With an election approaching, where's Katrina?
Off dallying with Jack Abramoff in parts unknown, it seems.
Katrina was a historymaking event and ought to be a major election issue. But who's mentioning it on the trail, besides the people contending for William Jefferson's seat?
The nation is distracted by torture, Iraq, and other polarizing debates, so Katrina sits just off to the side of the political stage. Still, the storm remains lodged in the national psyche. It's the domestic Iraq: an easy shorthand for late-night comics to rip the president and FEMA. Images linger; but lessons, or political consequences - were there any of those? (Are there any for anything anymore?)
But Katrina is still working its way into the body politic in many ways. Adam Nagourney's NYT Magazine piece about GOP chairman Ken Mehlman devotes some space to his apparently sincere efforts to win over mostly-skeptical African-American voters. Naturally, it brings up Katrina as exhibit A in why he's unlikely to make much headway. At least, that's what Donna Brazile thinks:
Mehlman, Brazile said, was on a roll in 2005. "But Katrina washed away any illusions that Republicans had something to offer African-Americans," she told me. "I know he's out there every day. I just don't know if his sales pitch has any potency at the moment."
Mehlman also describes watching events unfold last August on CNN as he attended a wedding in Greece, and it drives him into a bottle. "Hurricane Ouzo," he calls it. (Admittedly, having Ken Mehlman in action that week would not really have helped matters.)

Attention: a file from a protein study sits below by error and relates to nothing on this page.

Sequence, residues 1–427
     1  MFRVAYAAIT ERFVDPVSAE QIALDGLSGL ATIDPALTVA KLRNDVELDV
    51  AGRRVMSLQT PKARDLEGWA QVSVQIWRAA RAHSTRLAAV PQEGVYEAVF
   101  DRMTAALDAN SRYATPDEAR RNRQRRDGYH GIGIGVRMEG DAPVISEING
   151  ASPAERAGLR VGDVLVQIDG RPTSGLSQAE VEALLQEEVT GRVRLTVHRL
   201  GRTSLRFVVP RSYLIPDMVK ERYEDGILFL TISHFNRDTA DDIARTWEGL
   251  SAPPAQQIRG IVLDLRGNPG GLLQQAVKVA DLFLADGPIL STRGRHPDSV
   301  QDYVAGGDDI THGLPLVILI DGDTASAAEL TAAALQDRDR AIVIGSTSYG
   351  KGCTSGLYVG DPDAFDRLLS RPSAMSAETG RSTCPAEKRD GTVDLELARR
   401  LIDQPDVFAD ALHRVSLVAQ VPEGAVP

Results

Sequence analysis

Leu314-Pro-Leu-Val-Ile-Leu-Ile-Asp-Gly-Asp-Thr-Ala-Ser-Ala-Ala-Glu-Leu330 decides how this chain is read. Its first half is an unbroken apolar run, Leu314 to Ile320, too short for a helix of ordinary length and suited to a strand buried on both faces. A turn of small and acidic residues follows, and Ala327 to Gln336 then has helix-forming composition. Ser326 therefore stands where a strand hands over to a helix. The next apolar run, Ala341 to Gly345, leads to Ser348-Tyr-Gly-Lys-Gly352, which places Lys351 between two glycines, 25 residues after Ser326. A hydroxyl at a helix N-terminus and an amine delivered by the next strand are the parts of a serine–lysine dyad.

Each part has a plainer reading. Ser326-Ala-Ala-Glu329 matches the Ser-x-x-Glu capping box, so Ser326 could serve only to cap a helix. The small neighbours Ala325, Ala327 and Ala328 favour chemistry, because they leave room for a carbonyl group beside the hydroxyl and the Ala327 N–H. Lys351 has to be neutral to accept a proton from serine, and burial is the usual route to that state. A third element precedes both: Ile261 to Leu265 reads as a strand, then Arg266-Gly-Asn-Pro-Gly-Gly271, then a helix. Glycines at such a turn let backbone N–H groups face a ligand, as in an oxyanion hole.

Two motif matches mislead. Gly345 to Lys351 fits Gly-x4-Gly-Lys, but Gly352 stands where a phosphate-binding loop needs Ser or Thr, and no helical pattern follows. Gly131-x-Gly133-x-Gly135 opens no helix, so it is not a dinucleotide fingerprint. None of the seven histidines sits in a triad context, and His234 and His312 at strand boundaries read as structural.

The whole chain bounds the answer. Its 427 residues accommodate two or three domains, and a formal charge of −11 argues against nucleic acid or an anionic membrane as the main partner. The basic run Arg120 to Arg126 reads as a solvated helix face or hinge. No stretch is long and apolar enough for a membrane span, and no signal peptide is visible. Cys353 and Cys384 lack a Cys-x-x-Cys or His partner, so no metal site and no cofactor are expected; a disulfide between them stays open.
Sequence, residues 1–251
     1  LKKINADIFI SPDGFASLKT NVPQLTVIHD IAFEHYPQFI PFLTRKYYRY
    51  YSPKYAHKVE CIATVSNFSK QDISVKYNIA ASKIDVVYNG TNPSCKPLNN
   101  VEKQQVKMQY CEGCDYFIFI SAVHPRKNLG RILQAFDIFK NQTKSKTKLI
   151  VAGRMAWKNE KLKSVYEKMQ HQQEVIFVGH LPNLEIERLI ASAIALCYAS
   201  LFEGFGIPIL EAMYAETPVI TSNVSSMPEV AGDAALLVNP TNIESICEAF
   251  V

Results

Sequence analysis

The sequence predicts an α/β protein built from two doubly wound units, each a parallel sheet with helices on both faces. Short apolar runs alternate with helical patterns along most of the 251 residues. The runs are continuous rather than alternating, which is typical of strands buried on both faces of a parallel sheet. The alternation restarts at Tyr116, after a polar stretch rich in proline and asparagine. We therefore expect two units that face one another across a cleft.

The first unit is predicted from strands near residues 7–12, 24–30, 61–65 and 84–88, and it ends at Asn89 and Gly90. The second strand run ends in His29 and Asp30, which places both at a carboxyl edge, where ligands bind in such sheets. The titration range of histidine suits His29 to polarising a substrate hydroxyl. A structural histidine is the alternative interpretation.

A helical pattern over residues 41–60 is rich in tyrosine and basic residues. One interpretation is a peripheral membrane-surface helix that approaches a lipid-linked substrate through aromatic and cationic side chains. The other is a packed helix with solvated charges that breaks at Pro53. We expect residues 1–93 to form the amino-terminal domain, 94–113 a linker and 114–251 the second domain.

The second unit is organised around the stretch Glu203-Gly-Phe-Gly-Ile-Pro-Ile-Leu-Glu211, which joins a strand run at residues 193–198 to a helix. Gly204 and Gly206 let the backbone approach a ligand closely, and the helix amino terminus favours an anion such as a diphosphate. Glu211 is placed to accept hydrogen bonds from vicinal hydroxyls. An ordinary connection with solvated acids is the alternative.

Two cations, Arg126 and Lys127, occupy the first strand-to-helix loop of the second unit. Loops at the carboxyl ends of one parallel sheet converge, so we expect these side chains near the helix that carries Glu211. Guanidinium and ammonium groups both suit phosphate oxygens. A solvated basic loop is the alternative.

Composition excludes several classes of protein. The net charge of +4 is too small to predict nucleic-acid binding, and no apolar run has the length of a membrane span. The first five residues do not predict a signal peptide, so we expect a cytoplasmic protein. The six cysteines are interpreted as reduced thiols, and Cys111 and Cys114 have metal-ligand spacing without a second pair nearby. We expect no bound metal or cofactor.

Brazile knows of what she speaks on black voters and the Republican Party. Bush didn't give Mehlman much to work with besides his stock agenda items, slightly repurposed. Then reality set even that effort back.
But what about Katrina and the Democrats? In the fierce dialectic between reality and belief that defines our politics now, the reality is both depressing and outrageous. Katrina and Iraq have also created a broad sense of discouragement, a lowering of expectations of what government does and can reasonably be expected to do. Ironically, given all the spectacular screwups of the past few years, a diminished view of government and national purpose doesn't help the Democrats. (Unless, of course, some Democrat happens to articulate a way forward. But don't hold your breath.)
John McQuaid is the co-author, with Mark Schleifstein, of Path of Destruction: The Devastation of New Orleans and the Coming Age of Superstorms.
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